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Christopher Hitchens, Calcutta, 2001; photograph by Sebastião Salgado

Near the end of his new book, Hitch-22, which is neither strictly a memoir nor quite a political essay but something in between, Christopher Hitchens informs the reader that he has, at long last, learned how to “think for oneself,” implying that he had failed to do so before reaching the riper side of middle age. This may not be the most dramatic way to conclude a life story. Still, thinking for oneself is always a good thing. And, he writes,

the ways in which the conclusion is arrived at may be interesting…just as it is always how people think that counts for much more than what they think.
Like many people who count “Hitch” among their friends, I have watched with a certain degree of dismay how this lifelong champion of left-wing, anti-imperialist causes, this scourge of armed American hubris, this erstwhile booster of Vietcong and Sandinistas, this ex-Trot who delighted in calling his friends and allies “comrades,” ended up as a loud drummer boy for President George W. Bush’s war in Iraq, a tub-thumper for neoconservatism, and a strident American patriot. Paul Wolfowitz, one of the prime movers behind the Iraq war, became his new comrade. Michael Chertoff, head of the Homeland Security Department under Bush, presided over his citizenship ceremony at the Jefferson Memorial in Washington, D.C.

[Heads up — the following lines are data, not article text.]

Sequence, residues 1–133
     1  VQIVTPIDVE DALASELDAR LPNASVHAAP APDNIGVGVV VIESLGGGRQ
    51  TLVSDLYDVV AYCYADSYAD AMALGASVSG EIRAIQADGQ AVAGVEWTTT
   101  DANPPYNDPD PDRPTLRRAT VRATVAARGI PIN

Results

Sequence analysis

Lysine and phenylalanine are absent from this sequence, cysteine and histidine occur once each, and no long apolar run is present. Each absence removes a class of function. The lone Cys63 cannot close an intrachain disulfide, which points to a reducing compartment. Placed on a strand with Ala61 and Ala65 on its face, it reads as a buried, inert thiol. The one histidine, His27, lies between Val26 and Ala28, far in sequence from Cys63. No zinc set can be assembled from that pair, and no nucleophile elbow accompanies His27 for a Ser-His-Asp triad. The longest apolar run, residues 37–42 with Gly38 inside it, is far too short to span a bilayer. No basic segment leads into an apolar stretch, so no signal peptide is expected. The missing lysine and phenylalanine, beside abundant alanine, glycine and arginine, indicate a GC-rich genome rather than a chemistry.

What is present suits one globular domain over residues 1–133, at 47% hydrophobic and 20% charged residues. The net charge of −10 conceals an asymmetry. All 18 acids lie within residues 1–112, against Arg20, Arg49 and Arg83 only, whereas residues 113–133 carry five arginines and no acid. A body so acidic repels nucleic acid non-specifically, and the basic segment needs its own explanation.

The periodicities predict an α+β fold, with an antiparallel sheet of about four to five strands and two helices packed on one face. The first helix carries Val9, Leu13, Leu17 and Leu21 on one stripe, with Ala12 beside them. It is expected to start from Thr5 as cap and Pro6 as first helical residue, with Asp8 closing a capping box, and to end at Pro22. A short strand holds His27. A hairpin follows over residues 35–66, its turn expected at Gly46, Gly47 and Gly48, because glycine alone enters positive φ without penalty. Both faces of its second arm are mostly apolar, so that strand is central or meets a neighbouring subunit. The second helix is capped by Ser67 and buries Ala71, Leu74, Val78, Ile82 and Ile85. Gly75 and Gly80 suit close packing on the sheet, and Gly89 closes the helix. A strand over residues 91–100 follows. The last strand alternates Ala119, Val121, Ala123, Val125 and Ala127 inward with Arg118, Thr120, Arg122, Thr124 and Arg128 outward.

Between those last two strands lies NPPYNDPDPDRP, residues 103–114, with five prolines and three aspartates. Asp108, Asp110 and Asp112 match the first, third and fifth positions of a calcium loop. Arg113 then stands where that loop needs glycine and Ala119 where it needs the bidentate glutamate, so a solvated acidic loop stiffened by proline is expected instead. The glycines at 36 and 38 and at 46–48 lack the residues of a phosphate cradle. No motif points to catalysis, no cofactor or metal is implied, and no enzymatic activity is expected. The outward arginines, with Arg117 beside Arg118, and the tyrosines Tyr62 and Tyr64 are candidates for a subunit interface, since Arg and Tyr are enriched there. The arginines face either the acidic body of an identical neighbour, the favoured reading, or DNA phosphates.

Ah, some will say, with a tolerant chuckle, how typical of Hitch the maverick, Hitch the contrarian: another day, another prank. It is indeed not always easy to take this consummate entertainer entirely seriously, but in this case I think one should. In fact, Hitch’s turn is not the move of a maverick. If eccentricity were all there was to it, his book would still have offered some of the amusement for which he is justly celebrated, but it would have no more relevance than that. Far from being a lone contrarian, however, Hitchens is a follower of a contemporary fashion of sorts. Quite a few former leftists, in Europe as well as the US, have joined the neo- and not so neo-conservatives in the belief that we are engaged in a war of civilizations, that September 11, 2001, is comparable to 1939, that “Islamofascism” is the Nazi threat of our time, and that our shared hour of peril will sort out the heroes from the cowards, the resisters from the collaborators.